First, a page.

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As of 28/05/2019, Electric Potential is defined in Wikipedia in the article with the same name as:

The amount of work needed to move a unit of positive charge from a reference point to a specific point inside the field without producing an acceleration

What is the meaning of "without producing an acceleration"?

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    $\begingroup$ Any better sources for defining Electric Potential than Wikpedia? $\endgroup$ – user207455 May 28 at 16:24
  • $\begingroup$ It certainly is poorly worded, but perhaps the way to think about it is the test charge is at rest at both the reference point and the point inside the field. So, no net acceleration in the field. $\endgroup$ – Jon Custer May 28 at 16:45
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    $\begingroup$ Another way of looking at it: If an acceleration is produced, the final KE might not be the same as the initial. In that case, the work done by the applied force is not equal to the change in PE. As @Unique points out below, this definition of potential (energy) has difficulties. $\endgroup$ – garyp May 30 at 20:52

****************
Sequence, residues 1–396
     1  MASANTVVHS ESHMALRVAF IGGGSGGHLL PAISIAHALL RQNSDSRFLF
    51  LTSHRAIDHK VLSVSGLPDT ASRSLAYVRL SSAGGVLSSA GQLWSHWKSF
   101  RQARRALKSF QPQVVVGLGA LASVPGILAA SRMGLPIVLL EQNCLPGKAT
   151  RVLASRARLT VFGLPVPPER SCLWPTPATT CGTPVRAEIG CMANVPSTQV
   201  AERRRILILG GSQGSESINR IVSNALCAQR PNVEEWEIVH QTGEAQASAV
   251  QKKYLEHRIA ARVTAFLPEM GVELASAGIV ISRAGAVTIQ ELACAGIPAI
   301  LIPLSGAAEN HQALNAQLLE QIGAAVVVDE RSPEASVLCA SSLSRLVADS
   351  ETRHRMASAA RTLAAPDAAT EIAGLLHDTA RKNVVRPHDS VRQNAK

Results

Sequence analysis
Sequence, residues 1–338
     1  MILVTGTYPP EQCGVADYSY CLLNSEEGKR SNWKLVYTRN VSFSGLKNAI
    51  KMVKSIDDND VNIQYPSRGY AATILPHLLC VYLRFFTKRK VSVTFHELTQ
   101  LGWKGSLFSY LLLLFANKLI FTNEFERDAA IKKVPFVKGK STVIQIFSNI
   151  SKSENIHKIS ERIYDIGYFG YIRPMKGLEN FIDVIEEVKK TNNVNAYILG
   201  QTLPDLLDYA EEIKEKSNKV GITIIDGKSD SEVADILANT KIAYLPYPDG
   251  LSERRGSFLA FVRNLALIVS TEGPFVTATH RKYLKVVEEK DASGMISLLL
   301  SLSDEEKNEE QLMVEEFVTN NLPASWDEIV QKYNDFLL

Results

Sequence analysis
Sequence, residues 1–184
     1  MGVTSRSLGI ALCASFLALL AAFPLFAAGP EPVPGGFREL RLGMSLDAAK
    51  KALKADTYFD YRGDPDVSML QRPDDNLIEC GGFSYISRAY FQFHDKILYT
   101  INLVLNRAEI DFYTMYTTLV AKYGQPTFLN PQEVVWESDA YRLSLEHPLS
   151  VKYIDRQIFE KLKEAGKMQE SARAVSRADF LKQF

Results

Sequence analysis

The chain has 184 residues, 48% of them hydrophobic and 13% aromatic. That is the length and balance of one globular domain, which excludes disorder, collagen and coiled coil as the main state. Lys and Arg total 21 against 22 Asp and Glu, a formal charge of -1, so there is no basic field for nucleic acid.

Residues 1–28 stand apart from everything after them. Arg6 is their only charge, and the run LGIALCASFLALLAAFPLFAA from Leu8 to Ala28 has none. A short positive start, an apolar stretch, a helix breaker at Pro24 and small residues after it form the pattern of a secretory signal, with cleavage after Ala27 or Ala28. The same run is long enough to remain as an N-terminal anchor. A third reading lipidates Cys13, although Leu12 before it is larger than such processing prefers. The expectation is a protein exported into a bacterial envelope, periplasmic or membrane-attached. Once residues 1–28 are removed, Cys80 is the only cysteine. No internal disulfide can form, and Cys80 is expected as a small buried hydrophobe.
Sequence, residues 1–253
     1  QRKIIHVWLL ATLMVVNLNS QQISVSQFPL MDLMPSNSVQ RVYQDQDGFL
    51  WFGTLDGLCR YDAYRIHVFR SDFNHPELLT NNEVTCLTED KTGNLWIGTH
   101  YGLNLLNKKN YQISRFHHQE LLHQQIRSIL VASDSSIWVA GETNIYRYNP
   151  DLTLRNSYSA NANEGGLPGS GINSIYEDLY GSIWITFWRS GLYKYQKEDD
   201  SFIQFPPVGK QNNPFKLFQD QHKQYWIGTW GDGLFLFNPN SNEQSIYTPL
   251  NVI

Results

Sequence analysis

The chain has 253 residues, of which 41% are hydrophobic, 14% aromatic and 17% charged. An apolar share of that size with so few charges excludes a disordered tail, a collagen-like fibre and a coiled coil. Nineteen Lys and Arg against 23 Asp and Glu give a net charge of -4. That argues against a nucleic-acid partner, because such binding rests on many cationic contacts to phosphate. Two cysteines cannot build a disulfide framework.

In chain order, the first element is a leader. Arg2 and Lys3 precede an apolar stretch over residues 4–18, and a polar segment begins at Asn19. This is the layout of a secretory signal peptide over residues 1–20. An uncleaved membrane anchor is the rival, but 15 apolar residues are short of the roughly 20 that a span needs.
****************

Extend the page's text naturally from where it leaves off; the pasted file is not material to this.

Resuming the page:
• $\begingroup$ If you move a charge at constant velocity, it becomes a current and generates a magnetic field which is perpendicular to the motion of the charge. If you accelerate the charge, then the charge produces a squeezed electric field - shaped like an hour glass - it's no longer spherical.However, implicit in the definition of work is the assumption you're a moving test charge - which is a small charge small enough not to perturb the electric field or potential - and you're moving the test charge infinitesimally slow, i.e., $W=-q\int_{a}^{b} E\cdot dl$. $\endgroup$ – Cinaed Simson Jun 1 at 3:48
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    $\begingroup$ That Wiki article needs a good edit! $\endgroup$ – Andrew Steane Jun 3 at 17:36
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The total energy of a body is the sum of kinetic energy and potential energy.
Kinetic energy depends on speed and potential energy depends on position.

The wiki text is a special case of the fact that if we move a body from A to B without altering the kinetic energy then its energy difference is only potential.

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  • $\begingroup$ Hi, what is "position" in this context (some wiki link will be helpful)? Also, what is the "special case of the fact"? Thanks, $\endgroup$ – JohnDoea Jul 2 at 18:36